I believe that every organization can show up in a way that’s consistent and authentic, yet still be perpetually innovative in how they do that. Can you tell me about your creative process? From where do you draw inspiration? And how do you connect the dots to relate it back to your brand?
One of the reasons that I love marketing and became a marketer is that I love a good story. You can tell a good story in one frame, 140 characters or a two-and-a-half-hour film. It starts with the story; is it interesting and innovative? Is it different? I’m always looking at what other brands are doing, I’m reading, and looking at what works and doesn’t. That really inspires, my work. It may not always inspire creativity in the moment, but it establishes a framework where I can notice and identify creative intent. The things that excite me are the programs that are a little bit different that make you look twice. You never know how you’re going to apply ideas. It’s like writing, it takes you down a path that you didn’t expect when you started.
Of what things are you most proud at The Recording Academy?
A number of things I look back on with pride. We’re a traditional, not-for-profit, conservative organization at our core. That we were ahead of the curve on social media, having a conversation with friends, fans and followers was great. And we have 12 million people in our social ecosystem.
We have GRAMMY-inspired watches and jewelry used to raise money around the world for charitable organizations for music. The jewelry uses alloy from the GRAMMY award in these products, so people have the ability to wear a piece of the GRAMMYs on their wrist.
A couple of years ago, Intel challenged us to help them redefine what it means to be a company beyond a chip maker. They wanted to be known as the company that uses technology to enable great experiences, and that Intel on the inside means great experiences on the outside. They challenge The Recording Academy to come up with something different and unique for the music industry.
We knew that what resonates with music fans is the extraordinary moments of the GRAMMYs on stage. We thought that GRAMMY moments could come alive and be taken to the next level through extraordinary tech was interesting. Because we don’t integrate brands into the show, there weren’t any on the stage. It was about the lead up to the awards and the story afterwards. Intel received a tremendous amount of consumer coverage, which was huge because they normally only get trade coverage. This really changed the entire conversation for them. How can Intel play a deeper role and take some permission, have some ownership of the music story and narrative. They found a perfect way to do that, by expanding on one of the most compelling aspects of the Grammy telecast. (Read more about the challenge and Lady Gaga’s performance here and watch a video of the performance here.)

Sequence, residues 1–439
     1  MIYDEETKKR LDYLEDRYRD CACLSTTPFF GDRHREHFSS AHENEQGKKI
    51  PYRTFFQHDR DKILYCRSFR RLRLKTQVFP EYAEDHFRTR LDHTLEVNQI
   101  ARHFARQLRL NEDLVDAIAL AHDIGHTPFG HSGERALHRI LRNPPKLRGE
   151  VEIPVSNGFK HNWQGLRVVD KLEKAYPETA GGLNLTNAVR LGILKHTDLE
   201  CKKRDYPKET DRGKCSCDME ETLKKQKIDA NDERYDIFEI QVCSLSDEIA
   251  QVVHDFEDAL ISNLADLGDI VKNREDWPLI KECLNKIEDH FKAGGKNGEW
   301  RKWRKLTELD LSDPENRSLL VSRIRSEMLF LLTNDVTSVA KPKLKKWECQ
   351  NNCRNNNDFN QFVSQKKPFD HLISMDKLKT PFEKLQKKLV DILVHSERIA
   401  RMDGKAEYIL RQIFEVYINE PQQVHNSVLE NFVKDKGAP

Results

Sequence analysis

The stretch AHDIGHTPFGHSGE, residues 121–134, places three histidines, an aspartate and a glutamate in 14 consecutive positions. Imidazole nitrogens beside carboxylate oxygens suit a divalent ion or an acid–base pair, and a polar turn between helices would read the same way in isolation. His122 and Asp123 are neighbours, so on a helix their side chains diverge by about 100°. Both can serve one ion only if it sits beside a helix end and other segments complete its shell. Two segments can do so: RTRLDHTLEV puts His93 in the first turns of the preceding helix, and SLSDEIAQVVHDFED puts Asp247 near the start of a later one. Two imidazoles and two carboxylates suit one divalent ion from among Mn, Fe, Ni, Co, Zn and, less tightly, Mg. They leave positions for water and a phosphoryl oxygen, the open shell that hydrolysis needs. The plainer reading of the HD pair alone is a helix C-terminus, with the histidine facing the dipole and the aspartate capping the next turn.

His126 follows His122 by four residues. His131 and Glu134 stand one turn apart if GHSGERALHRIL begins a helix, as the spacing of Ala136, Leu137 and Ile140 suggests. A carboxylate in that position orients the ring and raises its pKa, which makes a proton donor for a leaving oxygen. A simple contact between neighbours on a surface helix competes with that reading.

Creativity is a currency in which we all trade. Creativity and innovation are what break through to get people’s attention The brands that you end up developing the deepest relationship with are the ones that are the most effective in delivering their message. It all comes down to story and respecting your audience. If you do that, the positive consequence of that is that you will develop trust and a deeper relationship. Now more than ever we live in a world in which relationships matter more than ever and develop those through trust.
Are you interested in learning how to discover your brand purpose so you can create authentic experiences for employees and customers? Contact me and let’s talk about how we can help. You can also follow me on LinkedIn, and Twitter, and if you like what you see, Subscribe here for regular updates.
About Carla Johnson
Carla Johnson is a world-renowned storyteller, an entertaining speaker, and a prolific author.
Over the last two decades, Carla has helped architects and actuaries, executives and volunteers, innovators and visionaries leverage the art of storytelling to inspire action. Her work with Fortune 500 brands hasn’t gone unnoticed and the latest of her seven books, Experiences: The 7th Era of Marketing, sets the benchmark for a new era in marketing. Named one of the top 50 women in marketing and the chair of the ANA’s Business Marketing Association, Carla regularly challenges conventional thinking.
Today, Carla travels the world teaching anyone (and everyone) how to cultivate idea-driven teams that breed unstoppable creativity and game-changing innovation.